Tinnitus is the perception of sound experienced by a person as noise in the absence of external noise. Tinnitus is not a disease itself. The sound can be buzzing, hissing, whistling, roaring, ringing, humming or hissing. It can be continuous or occur intermittently. It may be pulsatile or non-pulsatile. Tinnitus does not have to dramatically affect your quality of life. You should avoid focussing too much attention on your tinnitus. Avoid excessive noise, find relaxation and stress management techniques that work for you.

Approximately, 17 to 20% of Australians suffer from some degree of tinnitus, varying from mild to severe. It is common for a person's to be affected by stress or tiredness.

Tinnitus can be triggerred along the auditory pathway. The majority of patients have tinnitus due to hearing loss at the cochlea or cochlear nerve level. PET scanning and functional MRI studies indicate that the loss of cochlear input to neurons in the central auditory pathways (such as occurs with cochlear hair cell damage due to ototoxicity, noise trauma or a lesion of the cochlear nerve) can result in abnormal neural activity in the auditory cortex causing tinnitus.

Meniere disease is thought to arise from abnormal fluid balance in the inner ear, which is the centre of hearing and balance. During an attack, the person experiences vertigo- a sensation that they or the world around them is moving. They feel dizzy and sick, their hearing is dominated by a hissing or roaring sound (tinnitus) and one or both ears feel full.

The inner ear contains a series of canals filled with fluid. These canals are at different angles. When your head is moved, the rolling of the fluid inside these canals tells your brain exactly how far, how fast and in what direction your head is moving. Information from these canals is passed along to the brain via the vestibular (balance) nerve. If your brain knows the position of the head, it can work out the position of the rest of your body.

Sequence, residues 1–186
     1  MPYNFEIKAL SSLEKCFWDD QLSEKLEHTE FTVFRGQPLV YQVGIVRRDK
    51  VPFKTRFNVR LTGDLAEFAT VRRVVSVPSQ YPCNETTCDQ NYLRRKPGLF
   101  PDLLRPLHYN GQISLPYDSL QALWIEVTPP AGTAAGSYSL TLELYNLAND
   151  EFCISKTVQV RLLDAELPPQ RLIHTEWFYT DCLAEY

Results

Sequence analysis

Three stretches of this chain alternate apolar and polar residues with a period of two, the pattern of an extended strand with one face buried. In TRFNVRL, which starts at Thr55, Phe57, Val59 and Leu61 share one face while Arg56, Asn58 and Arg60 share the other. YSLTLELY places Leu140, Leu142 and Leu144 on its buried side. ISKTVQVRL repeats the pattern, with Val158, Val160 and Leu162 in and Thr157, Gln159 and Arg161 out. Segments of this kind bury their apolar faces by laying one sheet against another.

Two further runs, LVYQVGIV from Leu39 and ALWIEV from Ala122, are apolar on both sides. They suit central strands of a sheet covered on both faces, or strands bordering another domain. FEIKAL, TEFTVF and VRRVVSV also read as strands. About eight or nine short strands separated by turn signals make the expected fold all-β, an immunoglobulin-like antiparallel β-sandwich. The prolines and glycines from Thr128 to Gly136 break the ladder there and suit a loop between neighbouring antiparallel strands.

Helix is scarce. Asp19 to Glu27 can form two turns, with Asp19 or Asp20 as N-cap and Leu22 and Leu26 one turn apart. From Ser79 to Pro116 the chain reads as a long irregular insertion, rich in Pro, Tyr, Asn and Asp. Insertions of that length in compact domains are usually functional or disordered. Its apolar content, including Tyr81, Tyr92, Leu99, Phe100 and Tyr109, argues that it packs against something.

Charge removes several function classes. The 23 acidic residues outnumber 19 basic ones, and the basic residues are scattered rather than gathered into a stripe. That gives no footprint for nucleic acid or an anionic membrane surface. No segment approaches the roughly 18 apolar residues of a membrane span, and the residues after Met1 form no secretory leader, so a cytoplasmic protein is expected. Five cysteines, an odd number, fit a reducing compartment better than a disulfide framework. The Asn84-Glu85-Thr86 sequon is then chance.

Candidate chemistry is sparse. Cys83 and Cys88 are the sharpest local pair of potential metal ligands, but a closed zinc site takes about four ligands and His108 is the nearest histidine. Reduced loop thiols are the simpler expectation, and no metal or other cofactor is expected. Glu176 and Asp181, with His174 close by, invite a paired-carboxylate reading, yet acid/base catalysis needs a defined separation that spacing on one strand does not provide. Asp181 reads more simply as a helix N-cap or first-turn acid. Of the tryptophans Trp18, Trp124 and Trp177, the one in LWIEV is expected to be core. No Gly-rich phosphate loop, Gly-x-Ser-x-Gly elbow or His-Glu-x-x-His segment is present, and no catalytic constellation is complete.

The cochlea is the snail-shaped hearing organ in your inner ear, which is also filled with fluid. This fluid moves in response to sounds. Messages are passed along the hearing nerve to the brain to tell you what you are hearing.

Meniere disease is diagnosed only if the patient complain of both episodic vertigo and sensorineural hearing loss. Vertigo may be associated with nausea and vomiting, and persists from 20 minutes to 24 hour duration. Sensorineural hearing loss is usually fluctuating and often initially affects lower frequencies. Hearing loss progresses over time and often results in permanent hearing loss at all frequencies in the affected ear over an 8 to 10 year period.


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